When Theo Walcott went down late in the second half of Arsenal’s FA Cup third round victory over North London rivals Tottenham at the Emirates, it didn’t seem the England winger
When Theo Walcott went down late in the second half of Arsenal’s FA Cup third round victory over North London rivals Tottenham at the Emirates, it didn’t seem the England winger was in too much discomfort and after taunting the Spurs contingent with hand gestures depicting the score line as he was stretchered off the pitch, you would have been safe in thinking Walcott was in for a swift return.
How cruel football can be. What seemed an innocuous knee injury, turned out to be the end of Walcott’s season and a side-line view of a summer World Cup for the third successive time.
Time: Not on Wenger’s side
Walcott must be in sorts at the moment and you wouldn’t blame his club manager Arsene Wenger for feeling the same way. But whilst Walcott has the time of the minimum six-month lay off required for any sort of recovery of an ACL (Anterior Crucial Ligament) injury to get over the mental anguish, Wenger has no such ironic luxury.
This situation is not new to the Frenchman. He has seen it before too many times in fact in his almost 18 year reign. What Wenger can’t allow is for a season which has promised so much so far get away from him and his players as it did in 2008.
In February 2008 the Gunners were top of the league, in the last 16 of the Champions League and the fifth round of the FA Cup. The season was going beyond expectations but was curtailed five minutes into their match with Birmingham at St. Andrews when a challenge on their then centre forward Eduardo left the Croatian with a double fractured broken leg. The incident was too much for the Arsenal players to handle and they ended up losing the title by four points.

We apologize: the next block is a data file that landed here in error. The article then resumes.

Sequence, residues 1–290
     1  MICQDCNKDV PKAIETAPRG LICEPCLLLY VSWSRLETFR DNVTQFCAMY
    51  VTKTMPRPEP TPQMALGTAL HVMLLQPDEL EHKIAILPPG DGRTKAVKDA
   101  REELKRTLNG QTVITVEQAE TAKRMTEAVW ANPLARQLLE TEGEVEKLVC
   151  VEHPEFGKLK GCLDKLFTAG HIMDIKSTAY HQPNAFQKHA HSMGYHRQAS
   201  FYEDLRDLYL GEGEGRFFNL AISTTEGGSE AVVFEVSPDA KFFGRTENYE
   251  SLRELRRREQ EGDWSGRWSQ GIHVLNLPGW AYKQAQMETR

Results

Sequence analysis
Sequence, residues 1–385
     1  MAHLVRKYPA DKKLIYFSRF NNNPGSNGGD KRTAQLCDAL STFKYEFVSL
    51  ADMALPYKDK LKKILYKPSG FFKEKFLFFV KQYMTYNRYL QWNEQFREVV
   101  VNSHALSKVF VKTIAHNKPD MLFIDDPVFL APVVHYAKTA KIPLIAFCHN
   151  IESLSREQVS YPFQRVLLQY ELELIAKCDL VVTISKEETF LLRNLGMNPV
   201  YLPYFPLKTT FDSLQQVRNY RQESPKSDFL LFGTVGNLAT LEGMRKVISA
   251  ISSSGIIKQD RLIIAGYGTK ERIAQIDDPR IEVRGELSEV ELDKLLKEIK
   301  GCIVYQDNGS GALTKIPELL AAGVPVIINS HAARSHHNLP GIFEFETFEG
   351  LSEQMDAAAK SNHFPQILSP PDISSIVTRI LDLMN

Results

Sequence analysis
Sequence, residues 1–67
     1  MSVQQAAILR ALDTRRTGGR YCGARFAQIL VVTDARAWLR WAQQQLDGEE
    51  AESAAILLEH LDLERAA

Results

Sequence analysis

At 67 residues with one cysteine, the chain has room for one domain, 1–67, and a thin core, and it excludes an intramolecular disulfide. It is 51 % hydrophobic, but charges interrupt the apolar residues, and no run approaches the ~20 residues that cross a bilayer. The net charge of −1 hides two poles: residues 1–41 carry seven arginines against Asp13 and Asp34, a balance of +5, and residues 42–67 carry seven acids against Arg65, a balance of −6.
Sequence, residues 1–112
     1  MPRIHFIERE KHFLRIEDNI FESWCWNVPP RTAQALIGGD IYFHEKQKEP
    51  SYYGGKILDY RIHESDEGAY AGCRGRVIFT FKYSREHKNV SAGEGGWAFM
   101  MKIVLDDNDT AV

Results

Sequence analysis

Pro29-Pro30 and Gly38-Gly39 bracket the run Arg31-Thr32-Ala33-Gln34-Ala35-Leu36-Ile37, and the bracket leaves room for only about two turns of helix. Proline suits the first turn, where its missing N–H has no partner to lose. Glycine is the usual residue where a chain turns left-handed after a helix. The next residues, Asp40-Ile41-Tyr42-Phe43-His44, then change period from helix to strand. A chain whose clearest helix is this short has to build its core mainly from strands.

They can’t allow the same thing to happen here. Walcott’s impact since returning from an abdominal injury that kept him out for two months has been exceptional. He has contributed in almost all of Arsenal’s games since his return scoring five and assisting three but he is not irreplaceable.
Theo Walcott brings pace to Arsenal. The pure fear defenders have of his speed means that they don’t risk bombing forward and leaving space for him to exploit knowing well and truly they won’t catch him. This in turn creates space for midfielders such as Santi Cazorla whose recent run of form is not coincidental with Walcott’s return to the side.
But in their squad Arsenal have adequate replacement, one of which starred over the FA Cup win over Spurs, Serge Gnabry. The 18-year-old German is one of the most promising players in the Gunners’ side and now has to rise to the occasion in Walcott’s absence.
To buy, or not to buy?
The other is Alex Oxlade-Chamberlain who himself just returned to full training after a lengthy spell with a knee injury. The Englishman has been out of action since the first of game of the season but will be chopping at the bits to not only nail down a place in the Arsenal side, but force his way in Roy Hodgson’s England plans.
The other option for Arsene Wenger is to buy. January is never a time where the most prestigious players are on the market, but Wenger’s hand may be forced by this recent setback. With Giroud lacking form and Bendtner also looking at time on the injury table, the January transfer market may be a safe haven. Players like Colombian star Jackson Martinez and Atletico Madrid hot shot Diego Costa have been linked but whatever Wenger decides he must do so fast.
The quicker he gets bodies in, the quicker they’ll set in and the better equipped they become to push Arsenal forward for honours.
Speedy recovery Theo.
What do you think? How will the injury of Theo Walcott affect the rest of Arsenal’s season? Have your say in the comments section below.